Mr Robert Young
- Senior Investigator Scientist (MRC/CSO Social and Public Health Sciences Unit)
- Honorary Research Fellow (Institute of Health and Wellbeing)
Robert joined the MRC SPHSU in 2000, when he returned to Glasgow to join the Youth and Health Programme. He continued onto the Children, Young People, Families and Health programme and is currently is a member of the new Social Relationships and Health Improvement programme. He was involved in analysis of the ‘West of Scotland 11 to 16 study'. Since then, Robert has been involved in the design and data collection of several other studies, notably the continuation of 11 to 16 into the post-school period (16+ study), the ‘Teenage Health in School' (THiS) study, the psychiatric component of the ‘Peers and Levels of Stress' (PaLS) study. He is involved with several international collaborations with German and Swedish partners focusing on adolescent social relationships and their influence on victimisation, mental health, attempted suicide and self-injury.
Starting as a mature student, Robert graduated with a B.Sc. (Hons) in Psychology from Glasgow Caledonian University in 1996, then continuing with a further year of study to complete a post-graduate in Computer Studies. His first research post was at Charing Cross Medical School and Imperial College London in 1998, where he worked in an outpatient psychiatric clinic conducting psychometric assessment and research with gender dysphoric patients at the National Gender Identity Clinic. He retains a strong interest in gender related research and its influence on psychological health.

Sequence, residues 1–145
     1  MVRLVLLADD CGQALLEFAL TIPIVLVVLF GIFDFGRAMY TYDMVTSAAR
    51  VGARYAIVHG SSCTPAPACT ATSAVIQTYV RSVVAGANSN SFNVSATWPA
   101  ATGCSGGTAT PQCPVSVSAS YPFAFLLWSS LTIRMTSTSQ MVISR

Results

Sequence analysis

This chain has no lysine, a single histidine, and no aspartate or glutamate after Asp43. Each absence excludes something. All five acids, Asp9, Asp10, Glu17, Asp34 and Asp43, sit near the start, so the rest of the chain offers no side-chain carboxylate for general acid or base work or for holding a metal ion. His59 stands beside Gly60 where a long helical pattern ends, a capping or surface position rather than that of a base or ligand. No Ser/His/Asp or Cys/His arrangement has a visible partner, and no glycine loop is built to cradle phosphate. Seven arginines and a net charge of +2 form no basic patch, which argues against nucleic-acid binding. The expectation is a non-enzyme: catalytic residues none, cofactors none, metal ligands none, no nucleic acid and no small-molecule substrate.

His work uses longitudinal methods, social network analysis and structural equation modelling to understand the impact of social relationships on young people’s mental health, be that parental, peer or online relationships. He is particularly interested in the relationship between mental health and peer-initiated sexual violence, harassment and victimisation, typically contrasting developmental and feminist perspectives. His work also contrasts the impact of traditional structural (class, poverty) vs. newer consumer and cultural influences on health. His ongoing research focuses on the prevalence of self-harm in young people and its relation to youth subculture, peer group and lifestyle, specifically ‘Alternative’ youth. His latest work explores the contagion of suicidal and self-injury among ‘real-life’ and ‘online’ social networks and the consequences for online policy and developing peer-led social interventions.
University of Glasgow,
200 Renfield Street,
Glasgow G2 3QB